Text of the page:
Business COVID-19 Health, Wellness & Biotech Startups Venture

CES: Consumerization Will Be The Future of Digital Health

The Consumer Electronics Show 2021 wrapped up on Jan. 14, but not before a very interesting session on what’s happening in digital health, particularly around new trends, COVID-19, companies going public and investments.

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The well-known consumer electronics show, which was virtual this year, features company showcases, keynote speakers from top global consumer companies, and a plethora of webinars on topics including the latest products to make your home smarter and what’s happening in the fintech, e-commerce and digital health industries.

Lisa Suennen, lead of the digital and technology group at Manatt, Phelps & Phillips, led a panel of venture capitalists speaking at the pre-taped “Digital Health: Business Growth and Opportunities” session that included:

Wainwright Fishburn, global head of digital health at Cooley, kicked off the session with a look at the digital health landscape. He reported that investment in the space reached $14 billion-plus in 2020, with record-breaking capital being invested in some key areas of telehealth, mental/behavior and fitness/wellness.

With physicians more comfortable in using telehealth, M&A and IPO activity expected to continue, and venture capital not letting up, Fishburn said that “digital health is finally mainstream.”

Clockwise from left, Lisa Suennen, Bill Evans, Sydney Thomas, and Lynne O’Keefe

On new trends

O’Keefe: “The consumerization of health and the need for a better experience. Post-COVID has emphasized that in simplifying the experience and making it consumer-first.”

Thomas: “Yes, consumerization right now is an interesting space. The risk of going into the hospital is high today, and people are afraid. As a result, I see a lot of direct-to-consumer and at-home products. Another piece is the affordability of health care, and I am starting to see a model of breaking down components so that individual products are affordable.”

Evans: “We put an emphasis on the ‘plumbing’ of health care, the B2B models that have a huge potential to introduce efficiency and effectiveness, and not at the expense of experience.”

COVID as a sustainable business opportunity

Thomas: “COVID created some really long-lasting changes in everything. I actually don’t mind. A number of companies I did last year were being supported by the tailwinds of COVID. I am going to continue to invest in those companies. I’m not going back to the office at least for another nine months and even then, I want everyone to have the yellow dot that shows you got the vaccine. There are a lot of folks who have survived this moment and have life-changing impact.”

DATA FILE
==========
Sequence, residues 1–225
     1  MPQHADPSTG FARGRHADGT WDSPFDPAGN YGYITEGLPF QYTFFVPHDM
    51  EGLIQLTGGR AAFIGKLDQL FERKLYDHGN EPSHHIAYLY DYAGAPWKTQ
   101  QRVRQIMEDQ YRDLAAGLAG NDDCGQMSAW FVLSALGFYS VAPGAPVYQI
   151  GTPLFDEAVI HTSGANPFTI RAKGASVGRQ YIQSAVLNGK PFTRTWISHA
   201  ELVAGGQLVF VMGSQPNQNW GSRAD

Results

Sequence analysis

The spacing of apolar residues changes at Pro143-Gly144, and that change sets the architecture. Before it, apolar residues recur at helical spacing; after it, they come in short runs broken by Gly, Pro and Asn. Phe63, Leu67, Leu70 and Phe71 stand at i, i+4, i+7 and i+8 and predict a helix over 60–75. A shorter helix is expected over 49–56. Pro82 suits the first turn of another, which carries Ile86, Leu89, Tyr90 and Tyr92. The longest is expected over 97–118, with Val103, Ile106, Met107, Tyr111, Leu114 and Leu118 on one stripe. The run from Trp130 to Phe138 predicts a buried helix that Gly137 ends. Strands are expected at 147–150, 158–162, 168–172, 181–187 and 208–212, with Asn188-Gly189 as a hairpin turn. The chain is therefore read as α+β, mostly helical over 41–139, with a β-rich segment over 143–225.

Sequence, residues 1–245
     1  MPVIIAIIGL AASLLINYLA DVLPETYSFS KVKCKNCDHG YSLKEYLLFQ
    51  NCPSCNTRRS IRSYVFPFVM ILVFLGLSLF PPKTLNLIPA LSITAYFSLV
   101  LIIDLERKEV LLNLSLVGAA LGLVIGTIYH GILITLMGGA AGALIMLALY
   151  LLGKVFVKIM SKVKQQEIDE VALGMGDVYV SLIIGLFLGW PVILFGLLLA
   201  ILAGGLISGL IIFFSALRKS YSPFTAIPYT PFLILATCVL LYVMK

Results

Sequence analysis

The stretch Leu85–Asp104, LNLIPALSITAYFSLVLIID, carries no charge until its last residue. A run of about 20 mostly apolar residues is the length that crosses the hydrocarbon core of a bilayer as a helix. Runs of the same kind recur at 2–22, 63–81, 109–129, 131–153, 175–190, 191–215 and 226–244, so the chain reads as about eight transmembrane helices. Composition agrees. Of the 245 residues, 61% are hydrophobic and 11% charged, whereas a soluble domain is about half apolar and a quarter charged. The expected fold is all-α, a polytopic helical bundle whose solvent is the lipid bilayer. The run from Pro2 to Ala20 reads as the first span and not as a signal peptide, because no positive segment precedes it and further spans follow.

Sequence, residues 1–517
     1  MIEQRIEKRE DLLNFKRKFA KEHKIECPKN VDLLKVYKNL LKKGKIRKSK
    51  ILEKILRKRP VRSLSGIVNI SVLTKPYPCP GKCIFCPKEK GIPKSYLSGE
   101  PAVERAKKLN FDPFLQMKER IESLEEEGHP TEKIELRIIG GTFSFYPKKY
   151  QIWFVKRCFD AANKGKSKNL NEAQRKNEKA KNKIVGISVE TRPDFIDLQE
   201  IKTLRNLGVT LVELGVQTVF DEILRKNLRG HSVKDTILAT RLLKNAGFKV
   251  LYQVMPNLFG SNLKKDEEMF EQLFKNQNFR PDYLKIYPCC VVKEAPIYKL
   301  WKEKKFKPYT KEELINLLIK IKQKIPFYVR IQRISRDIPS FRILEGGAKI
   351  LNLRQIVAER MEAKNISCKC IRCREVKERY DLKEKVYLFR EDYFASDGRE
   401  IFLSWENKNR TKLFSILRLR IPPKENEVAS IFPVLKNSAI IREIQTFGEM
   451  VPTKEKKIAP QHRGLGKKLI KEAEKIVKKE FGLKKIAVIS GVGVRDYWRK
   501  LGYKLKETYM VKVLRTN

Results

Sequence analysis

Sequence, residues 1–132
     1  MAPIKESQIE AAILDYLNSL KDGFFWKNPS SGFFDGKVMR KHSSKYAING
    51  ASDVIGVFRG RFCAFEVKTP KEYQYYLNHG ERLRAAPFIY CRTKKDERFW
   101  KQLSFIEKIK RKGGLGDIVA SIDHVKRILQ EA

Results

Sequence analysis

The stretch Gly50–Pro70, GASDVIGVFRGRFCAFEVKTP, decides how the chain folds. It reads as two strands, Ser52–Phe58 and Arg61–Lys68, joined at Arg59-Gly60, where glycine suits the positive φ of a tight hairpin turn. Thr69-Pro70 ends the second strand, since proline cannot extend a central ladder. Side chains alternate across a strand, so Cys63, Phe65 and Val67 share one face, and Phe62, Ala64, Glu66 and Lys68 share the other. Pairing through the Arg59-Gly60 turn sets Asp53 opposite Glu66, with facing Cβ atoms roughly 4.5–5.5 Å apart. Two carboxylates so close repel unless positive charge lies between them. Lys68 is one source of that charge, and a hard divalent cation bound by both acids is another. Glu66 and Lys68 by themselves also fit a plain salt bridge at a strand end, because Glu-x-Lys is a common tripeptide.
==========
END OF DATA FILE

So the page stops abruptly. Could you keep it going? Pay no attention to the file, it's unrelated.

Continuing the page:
On investment surprises

Evans: “What surprised me was the pace at which the capital markets and rallying of public markets returned to normal at the beginning of the pandemic. Also, the pace at which investors came back, and the degree to which the venture industry and entrepreneurs knew how to deal with a crisis.”

Thomas: “I was also surprised by how much more VCs were interested in health care. People were reaching out to people they had not before. I’ve been able to get more access to different people, and that the decision to invest in health care is more important.”

O’Keefe: “It’s not like everything got hard in COVID. Those problems that were siloed in nature existed before. Entrepreneurs have come in and are thinking outside the health care system, breaking down the walls and creating better customer experiences.”

Similarly to the prediction about the consumerization of health care, sources I spoke to earlier in the month shared the same forecast as startups help us rethink health care.

Crunchbase data also showed that investors poured record amounts of investment into digital health startups in 2020: $14.2 billion globally and $9.2 billion domestically.

Meanwhile, the global pandemic increased the public’s awareness and understanding of how interconnected the world is, a view that will mature in 2021, Ann DeWitt, a general partner at The Engine, which invests in health care companies, told me.

For another CES highlight, catch my synopsis of the Jan. 12 session called “The Rise of FinTechs – Has Consumer Financial Behavior Changed Forever?” which included conversations with Ginger Baker, head of financial access at Plaid, and Erika Wool, head of payments partnership at Stripe.

Feature screenshot was taken during the session
Illustration: Dom Guzman

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